The Labour Relations Act (LRA) gives the Labour Court and Labour Appeal Court numerous and strong powers to make decisions relating to labour disputes. Section 158 of the LRA gives the Labour Court the power to make, amongst others, orders:
- Granting urgent relief and interdicts
- Remedying wrongs and determining disputes
- Clarifying legal circumstances (declaratory orders)
- For compensation and damages
- For legal costs to be paid by the loser to the winner of a case
- Enforcing compliance with the provisions of the LRA
- Enforcing arbitration awards
- Condoning the late filing of disputes or documents with the Court
- Reviewing decisions made or acts performed by the State
- Reviewing awards and rulings made by CCMA and bargaining council Arbitrators.
These orders may deal with various dispute types including unfair dismissals for misconduct, poor performance, illness and operational requirements.
In addition, the Basic Conditions of Employment Act (BCEA) gives the Labour Court the power to determine disputes relating to employment contracts. And the Employment Equity Act (EEA) empowers the Labour Court to make orders relating to unfair discrimination disputes.
The Labour Appeal Court has higher powers than the Labour Court and can hear appeals against the decisions made by that court. In addition, it has the power when required, to deal directly with any of the matters normally dealt with by the Labour Court under the LRA.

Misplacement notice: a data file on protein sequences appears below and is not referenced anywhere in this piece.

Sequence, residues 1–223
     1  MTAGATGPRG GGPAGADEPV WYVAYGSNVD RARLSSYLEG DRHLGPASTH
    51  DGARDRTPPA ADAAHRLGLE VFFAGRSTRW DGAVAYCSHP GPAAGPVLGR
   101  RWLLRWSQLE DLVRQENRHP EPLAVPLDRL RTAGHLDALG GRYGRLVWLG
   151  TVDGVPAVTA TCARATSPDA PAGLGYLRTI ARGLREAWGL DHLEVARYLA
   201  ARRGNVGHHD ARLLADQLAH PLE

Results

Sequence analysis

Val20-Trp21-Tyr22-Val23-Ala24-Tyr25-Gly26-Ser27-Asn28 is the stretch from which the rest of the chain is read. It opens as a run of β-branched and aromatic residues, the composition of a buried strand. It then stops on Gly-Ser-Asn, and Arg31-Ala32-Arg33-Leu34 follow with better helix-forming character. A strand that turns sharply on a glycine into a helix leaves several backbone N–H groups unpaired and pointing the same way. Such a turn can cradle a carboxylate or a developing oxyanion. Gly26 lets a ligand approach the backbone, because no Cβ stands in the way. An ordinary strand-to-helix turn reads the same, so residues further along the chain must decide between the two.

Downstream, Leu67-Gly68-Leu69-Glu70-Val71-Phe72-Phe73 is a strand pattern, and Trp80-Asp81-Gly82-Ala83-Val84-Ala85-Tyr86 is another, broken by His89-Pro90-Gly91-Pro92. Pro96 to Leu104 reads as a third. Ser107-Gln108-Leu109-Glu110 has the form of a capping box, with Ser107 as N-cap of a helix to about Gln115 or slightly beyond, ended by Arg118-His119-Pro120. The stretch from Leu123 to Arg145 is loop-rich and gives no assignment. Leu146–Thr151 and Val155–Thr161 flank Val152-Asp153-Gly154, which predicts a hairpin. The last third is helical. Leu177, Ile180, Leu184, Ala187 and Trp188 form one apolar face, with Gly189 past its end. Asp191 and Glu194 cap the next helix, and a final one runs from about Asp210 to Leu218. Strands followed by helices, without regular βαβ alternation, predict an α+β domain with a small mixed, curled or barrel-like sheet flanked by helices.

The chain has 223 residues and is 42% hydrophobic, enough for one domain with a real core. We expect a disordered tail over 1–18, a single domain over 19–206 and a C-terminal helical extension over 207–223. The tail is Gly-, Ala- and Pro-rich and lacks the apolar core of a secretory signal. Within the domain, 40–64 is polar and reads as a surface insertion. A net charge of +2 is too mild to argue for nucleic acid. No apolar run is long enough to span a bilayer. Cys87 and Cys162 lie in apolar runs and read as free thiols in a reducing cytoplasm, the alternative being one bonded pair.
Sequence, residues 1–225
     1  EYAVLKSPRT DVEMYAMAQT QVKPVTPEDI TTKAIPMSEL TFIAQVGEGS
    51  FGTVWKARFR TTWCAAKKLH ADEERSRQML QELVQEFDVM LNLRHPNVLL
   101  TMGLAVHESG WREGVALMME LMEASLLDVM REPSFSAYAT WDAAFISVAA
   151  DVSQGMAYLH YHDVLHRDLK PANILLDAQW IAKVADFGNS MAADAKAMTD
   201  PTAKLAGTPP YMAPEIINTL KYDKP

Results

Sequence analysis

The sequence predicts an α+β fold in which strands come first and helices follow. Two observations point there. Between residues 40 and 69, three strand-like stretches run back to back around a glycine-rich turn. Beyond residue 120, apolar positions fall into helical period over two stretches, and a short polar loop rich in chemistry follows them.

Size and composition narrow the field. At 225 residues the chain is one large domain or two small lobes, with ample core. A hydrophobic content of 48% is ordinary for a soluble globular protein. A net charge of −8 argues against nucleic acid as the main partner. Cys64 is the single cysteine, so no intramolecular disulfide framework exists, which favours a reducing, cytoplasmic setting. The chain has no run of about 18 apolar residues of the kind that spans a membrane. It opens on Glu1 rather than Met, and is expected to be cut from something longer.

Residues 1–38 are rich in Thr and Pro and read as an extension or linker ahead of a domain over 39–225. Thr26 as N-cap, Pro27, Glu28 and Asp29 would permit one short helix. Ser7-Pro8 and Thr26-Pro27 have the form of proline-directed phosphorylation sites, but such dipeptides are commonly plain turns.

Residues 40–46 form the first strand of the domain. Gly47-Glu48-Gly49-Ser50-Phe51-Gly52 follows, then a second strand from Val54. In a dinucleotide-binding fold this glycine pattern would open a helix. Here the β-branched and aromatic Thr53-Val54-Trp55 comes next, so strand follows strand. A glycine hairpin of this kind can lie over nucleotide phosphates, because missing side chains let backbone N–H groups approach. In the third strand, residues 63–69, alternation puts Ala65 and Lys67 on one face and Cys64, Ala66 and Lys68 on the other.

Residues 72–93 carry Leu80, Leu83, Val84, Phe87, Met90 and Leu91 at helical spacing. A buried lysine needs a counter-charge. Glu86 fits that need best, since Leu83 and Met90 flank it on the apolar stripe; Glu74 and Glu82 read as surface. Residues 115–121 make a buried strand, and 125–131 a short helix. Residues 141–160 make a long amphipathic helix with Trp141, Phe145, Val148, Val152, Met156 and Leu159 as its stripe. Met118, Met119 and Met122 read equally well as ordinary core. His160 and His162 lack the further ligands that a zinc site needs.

It is clear that these two courts have very substantial powers. And they are not normally reluctant to exercise their powers strongly even if it results in a very severe financial burden to the party on the receiving end.
While these courts have extensive powers they do not seem to be sure of the exact extent thereof. For example, there seems to be strong disagreement between the different courts as to the maximum amount they may award to unfairly treated employees.
The LRA specifically lays down the maximum amount that the Court may award by way of compensation when the dismissed employee is not reinstated. This limit is 24 months’ remuneration in the case of an automatically unfair dismissal and 12 months’ remuneration in all other unfair dismissal cases. However, the LRA is silent as to whether there is any maximum limit on the amount of back-pay the Court may award in tandem with a reinstatement order. It has, for a very long time, been assumed that the amount of the back-pay is only limited by the number of months between the date of dismissal and the date of the reinstatement. However, not all judges accept this assumption, which results in conflicting court decisions. The result of the lack of clarity of the LRA in this regard is confusion for those relying on it.
In the light of this uncertainty the best solution for employers is not to end up in the Labour Courts. They can only achieve this by ensuring that, before they take any decision affecting employees, they get labour law and practical strategic advice from a reputable labour law expert.